A federal jury has convicted former R&B star R Kelly of several child sexual abuse imagery and sex abuse charges.
Kelly, 55, was found guilty of three counts of child pornography and three counts of child enticement on Wednesday, in a Florida court.
But the jury acquitted him on a fourth pornography count as well as a conspiracy to obstruct justice charge that had accused him of fixing his state child pornography trial in 2008.
He was found not guilty on all three counts of conspiring to receive child pornography and for two further enticement charges.
His two co-defendants were found not guilty on all charges.
Jurors, who deliberated for 11 hours over two days, wrote several questions to the judge on Wednesday - at least one indicating the panellists were grappling with some of the case’s legal complexities.
One asked if they had to find Kelly both enticed and coerced minors, or that he either enticed or coerced them. Over objections from Kelly’s lawyer, the judge said they only need to find one.
At trial, prosecutors painted a picture of Kelly as a master manipulator who used his fame and wealth to reel in star-stuck fans, some of them minors, to sexually abuse then discard them.
Kelly, born Robert Sylvester Kelly, was desperate to recover child abuse videos he made and lugged around in a gym bag, witnesses said.
They said he offered up to $1 million to recover missing videos before his 2008 trial, knowing they would land him in legal peril.
The conspiracy to hide his abuse ran from 2000 to 2020, prosecutors said.
Kelly associates Derrel McDavid and Milton Brown were co-defendants at the Chicago trial.
Jurors acquitted McDavid, a longtime Kelly business manager, who was accused of conspiring with Kelly to rig the 2008 trial. Brown, a Kelly associate for years, was acquitted of receiving child pornography.
Kelly has already been convicted of racketeering and sex trafficking in New York and sentenced to 30 years in prison.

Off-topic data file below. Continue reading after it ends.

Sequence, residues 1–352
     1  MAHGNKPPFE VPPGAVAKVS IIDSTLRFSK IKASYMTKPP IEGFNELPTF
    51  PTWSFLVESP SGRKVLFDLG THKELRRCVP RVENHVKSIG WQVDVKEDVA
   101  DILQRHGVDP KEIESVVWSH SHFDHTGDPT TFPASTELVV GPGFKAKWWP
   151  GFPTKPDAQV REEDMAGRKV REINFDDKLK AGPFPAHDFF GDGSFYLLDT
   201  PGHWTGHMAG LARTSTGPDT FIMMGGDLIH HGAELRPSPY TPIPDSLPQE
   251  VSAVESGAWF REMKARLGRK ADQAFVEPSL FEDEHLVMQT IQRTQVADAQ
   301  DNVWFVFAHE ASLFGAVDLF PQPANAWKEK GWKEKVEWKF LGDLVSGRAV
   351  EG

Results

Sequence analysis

In Chicago, a conviction of just one count of child pornography carries a mandatory minimum sentence of 10 years, while receipt of child pornography carries a mandatory minimum of five years.
The three defendants called only a handful of witnesses over four days. Co-defendant McDavid, who was on the stand for three days, may have damaged Kelly’s hopes for acquittal by saying that he now doubts Kelly was truthful when he denied abusing anyone after hearing the superstar’s accusers testify.
In her closing rebuttal, prosecutor Jeannice Appenteng cited testimony that Kelly’s inner circle increasingly focused on doing what Kelly wanted as his fame boomed in the mid-1990s.
“And ladies and gentlemen, what R. Kelly wanted was to have sex with young girls,” she said.
Four Kelly accusers testified, all referred to by pseudonyms or their first names: Jane, Nia, Pauline and Tracy. A fifth accuser, Brittany, did not testify.
A single video, which state prosecutors said showed Kelly abusing a girl of around 14, was the focal point of that trial.
Jane told jurors she was 15 when they first had intercourse. Asked how many times they had sex before she turned 18, she answered quietly: “Uncountable times. … Hundreds.”
Jane, who belonged to a teenage singing group, first met Kelly in the late 1990s when she was in junior high school. She had visited Kelly’s Chicago recording studio with her aunt, a professional singer.
Soon after that meeting, Jane told her parents Kelly was going to be her godfather.
Jane testified that when her parents confronted Kelly in the early 2000s he dropped to his knees and begged them for forgiveness. She said she implored her parents not to take action against Kelly because she loved him.
Another accuser, Pauline, said Jane introduced her to Kelly when they were 14-year-old middle school classmates in 1998.
At Kelly’s Chicago home later that year, Pauline described her shock when she said she first walked in on Kelly and a naked Jane.
She said Kelly told her that everyone has secrets. “This is our secret,” she testified he said.
Pauline told jurors she still cares for Kelly. But, as a 37-year-old mom, she said she now has a different perspective.
“If somebody did something to my kids,” she said, “I’m killing ’em. Period.”